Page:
Epidemiology And Prevention

Toxigenic C. difficile is carried asymptomatically in about 25-80% of infants and in 20% of hospitalized patients, but only in less than 3% of the adult population of developed countries.[11,12] C. difficile-associated disease is primarily a nosocomial infection causing 300,000 to 3 million cases of diarrhea and colitis in U.S. hospitals each year.[5] This pathogen is also responsible for community-acquired diarrhea but at a much lower rate. Epidemiological factors influencing this low incidence in the general population are not fully understood, but the number may be underestimated.1-2-1 Risk factors often associated with C. difficile-associated diarrhea include old age, length and number of hospital stay, and invasive medical procedures. However, the most important factor appears to be the use of antibiotics. The normal bowel flora possess a certain ability to resist colonization by pathogenic microbes. Alteration of this barrier by antibiotics presumably predisposes to invasion by C. difficile and subsequent toxin production. Although virtually all antibiotic molecules have been associated with C. difficile infections, the broad-spectrum antibiotics clindamycin, penicillin, and cephalosporin have been the most frequently implicated. In fact, a recent critical review of the 1978-2001 literature describing the association of antibiotics with nosocomial C. difficile-associated diarrhea concluded that most studies were flawed due to incorrect control groups, inadequate sample sizes, and imprecise analysis of confounding factors.[13] In their opinion, only two studies were of sufficient quality to reasonably establish a causal relationship between particular antibiotic molecules and C. difficile-associated diarrhea, and these molecules were indeed the three listed above. However, this does not exclude other antibiotics from predisposing to the disease.[14] In some institutions, policies limiting the prescription of certain antibiotics appeared to decrease the rate of C. difficile colitis and diarrhea in hospitalized patients.[12] However, decision to restrict the use of some therapeutic molecules has to be weighted against the clinical benefits of using such antimicrobial agents.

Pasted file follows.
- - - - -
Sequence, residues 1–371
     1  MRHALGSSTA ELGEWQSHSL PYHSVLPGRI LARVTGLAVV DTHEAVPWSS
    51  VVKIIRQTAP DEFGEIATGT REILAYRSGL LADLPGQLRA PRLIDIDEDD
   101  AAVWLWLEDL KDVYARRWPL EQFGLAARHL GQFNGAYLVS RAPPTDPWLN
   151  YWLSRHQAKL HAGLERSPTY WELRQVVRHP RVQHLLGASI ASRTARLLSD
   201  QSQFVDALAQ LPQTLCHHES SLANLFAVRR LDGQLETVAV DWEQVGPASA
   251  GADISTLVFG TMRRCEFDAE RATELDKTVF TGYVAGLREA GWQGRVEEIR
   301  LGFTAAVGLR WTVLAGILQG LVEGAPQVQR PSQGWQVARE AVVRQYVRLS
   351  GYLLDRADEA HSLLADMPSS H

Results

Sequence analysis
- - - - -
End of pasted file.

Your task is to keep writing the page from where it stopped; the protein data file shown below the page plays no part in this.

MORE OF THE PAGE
Patients contribute to disseminate C. difficile toxigenic strains in hospital settings where endemic and epidemic situations may occur. To prevent cross-contamination of patients with C. difficile, contact precautions must be implemented until diarrhea stops. However, C. difficile spores can survive for months in hospital environments, and patients can be contaminated via contact with care personnel or contaminated objects. Moreover, spores can resist several commercial detergents commonly used to clean surfaces in healthcare institutions. Chlorine-based disinfectants appear to be a better choice and may contribute to reduce the incidence of C. difficile infections.[15] However, to limit C. difficile-associated diarrhea in hospitals, measures must include a combination of rational use of antibiotics and better infection control.[16]

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